1 Dec

It’s important to know your status and hopefully the people you decide to engage in sexual intercourse with as well. Today we celebrate World AIDS Day and in celebration of that I’m gonna post a interview Loop 21 conducted with AIDS activist Hydeia Broadbent. In case you need a history lesson, Hydeia was born with AIDS and was later adopted. Hydeia went on to make several tv appearances one of which was on Oprah at the age of 6. Now 27 the activist is still going strong with her message and educating millions on the disease.

Check out some of the interview below..

Loop 21: What do you think has improved in terms of people’s understanding of and attitudes towards HIV and AIDS?

Hydeia Broadbent: I believe the younger generation tends to be de-sensitized, because they don’t really know how huge an issue HIV/AIDS was in the 80s.

My 19-year-old sister [who is positive] has no problem dating guys her age. They are so open and not afraid, not like the guys my age who remember growing up afraid of getting AIDS. While that’s good for my sister’s generation, it’s kind of scary because there isn’t a sense of fear. I think my generation let them down because we forgot to inform and show them the true reality of AIDS.

Loop 21: If you’re HIV-positive, when do you disclose your status? On the date? Before a date? As soon as you meet? As soon as you’re interested?

Broadbent: I have a three-date rule. By the third date is when it’s time to let someone know—but a lot of people don’t start dating until after they have already had sex. You need to let your partner know before you take it that far.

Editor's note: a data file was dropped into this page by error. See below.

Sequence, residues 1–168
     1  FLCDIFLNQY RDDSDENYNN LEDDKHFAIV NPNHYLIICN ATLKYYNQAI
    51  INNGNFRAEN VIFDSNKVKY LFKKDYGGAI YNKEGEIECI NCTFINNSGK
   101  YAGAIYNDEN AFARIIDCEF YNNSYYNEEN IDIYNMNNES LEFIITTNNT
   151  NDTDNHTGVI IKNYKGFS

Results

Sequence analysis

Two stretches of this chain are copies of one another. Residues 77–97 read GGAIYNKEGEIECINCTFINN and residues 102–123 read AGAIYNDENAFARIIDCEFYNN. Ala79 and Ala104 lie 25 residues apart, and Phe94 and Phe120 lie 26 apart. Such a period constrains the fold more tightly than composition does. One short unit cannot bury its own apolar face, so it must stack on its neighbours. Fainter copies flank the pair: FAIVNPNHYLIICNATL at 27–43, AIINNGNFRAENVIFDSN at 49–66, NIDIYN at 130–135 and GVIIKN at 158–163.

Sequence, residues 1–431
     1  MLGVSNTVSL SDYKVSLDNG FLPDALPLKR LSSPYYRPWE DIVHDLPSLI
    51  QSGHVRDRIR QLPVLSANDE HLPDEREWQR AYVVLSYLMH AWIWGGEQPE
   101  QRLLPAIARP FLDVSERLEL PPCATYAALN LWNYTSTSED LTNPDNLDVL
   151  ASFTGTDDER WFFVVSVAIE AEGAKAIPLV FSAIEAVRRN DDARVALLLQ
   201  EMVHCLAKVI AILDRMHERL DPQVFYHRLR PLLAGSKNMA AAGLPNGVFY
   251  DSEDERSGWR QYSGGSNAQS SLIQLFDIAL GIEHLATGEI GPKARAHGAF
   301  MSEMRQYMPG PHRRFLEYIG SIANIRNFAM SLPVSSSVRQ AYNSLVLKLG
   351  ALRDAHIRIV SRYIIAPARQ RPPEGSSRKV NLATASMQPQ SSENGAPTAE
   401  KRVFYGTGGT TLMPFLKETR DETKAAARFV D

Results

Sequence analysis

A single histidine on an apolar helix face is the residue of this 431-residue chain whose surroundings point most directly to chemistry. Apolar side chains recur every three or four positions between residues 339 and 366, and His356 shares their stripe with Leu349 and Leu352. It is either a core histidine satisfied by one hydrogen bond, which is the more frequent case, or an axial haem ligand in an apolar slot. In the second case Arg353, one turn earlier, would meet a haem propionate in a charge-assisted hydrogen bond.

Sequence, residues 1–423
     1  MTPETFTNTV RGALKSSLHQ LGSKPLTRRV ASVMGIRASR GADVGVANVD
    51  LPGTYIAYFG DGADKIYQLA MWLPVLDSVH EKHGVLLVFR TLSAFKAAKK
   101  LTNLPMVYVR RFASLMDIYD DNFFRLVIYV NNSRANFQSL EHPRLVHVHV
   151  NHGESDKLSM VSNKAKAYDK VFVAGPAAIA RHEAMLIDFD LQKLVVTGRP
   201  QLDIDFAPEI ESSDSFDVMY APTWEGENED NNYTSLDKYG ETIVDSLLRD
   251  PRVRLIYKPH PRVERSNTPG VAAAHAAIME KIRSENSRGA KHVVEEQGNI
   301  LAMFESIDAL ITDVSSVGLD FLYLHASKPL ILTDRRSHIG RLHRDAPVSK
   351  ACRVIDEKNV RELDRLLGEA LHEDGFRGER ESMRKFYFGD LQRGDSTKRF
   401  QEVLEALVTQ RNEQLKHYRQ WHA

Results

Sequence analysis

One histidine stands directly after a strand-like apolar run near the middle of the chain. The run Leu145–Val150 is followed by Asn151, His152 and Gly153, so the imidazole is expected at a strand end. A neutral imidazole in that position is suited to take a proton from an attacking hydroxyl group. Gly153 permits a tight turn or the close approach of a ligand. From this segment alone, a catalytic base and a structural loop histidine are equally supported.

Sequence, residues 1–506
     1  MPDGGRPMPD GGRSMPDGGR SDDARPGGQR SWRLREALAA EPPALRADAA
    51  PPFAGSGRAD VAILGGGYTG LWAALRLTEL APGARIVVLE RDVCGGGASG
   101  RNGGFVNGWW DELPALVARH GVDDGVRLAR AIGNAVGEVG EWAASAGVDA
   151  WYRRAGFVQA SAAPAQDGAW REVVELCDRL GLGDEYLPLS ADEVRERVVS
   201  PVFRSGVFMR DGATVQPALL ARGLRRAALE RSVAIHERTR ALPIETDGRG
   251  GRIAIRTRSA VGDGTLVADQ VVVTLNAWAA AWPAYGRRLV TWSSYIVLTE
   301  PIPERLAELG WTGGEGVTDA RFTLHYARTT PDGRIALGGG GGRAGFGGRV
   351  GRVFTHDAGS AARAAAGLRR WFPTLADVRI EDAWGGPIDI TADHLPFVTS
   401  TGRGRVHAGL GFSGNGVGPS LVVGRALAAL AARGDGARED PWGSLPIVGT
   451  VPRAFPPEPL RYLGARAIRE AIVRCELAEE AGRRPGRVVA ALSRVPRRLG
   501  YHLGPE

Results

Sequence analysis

If the person rejects you, then look at the bright side—at least you find out sooner then later what type of person they really were.

Loop 21: Once you’ve told someone you’re involved with (or hope to be involved with) that you are HIV-positive, what are the best questions he or she can ask to help things move forward?

Broadbent: The best question: “What are the ways I can stay negative?”

It’s important that people understand a person’s first reaction may be fear. Make sure you have all the answers to their questions and be willing to take that person with you to a doctor’s visit so they can ask other things themselves. I made such a point of taking my ex-boyfriend with me that my doctor would ask where he was if he didn’t see him by my side.

Loop 21: In all of your activist work and speaking engagements, what is the main thing people want to ask you about dating someone with HIV?

Broadbent: “Can you have sex or have children?” The answer is yes, I can. I have engaged in a healthy monogamous relationship. Currently, I choose to abstain. Due to advancements in medicine, a person, male or female, can get married and have children without passing HIV onto their loved ones.

To read the remainder of the interview check it out on Loop 21 and thanks to NecoleBitchie for me spotting it over there.


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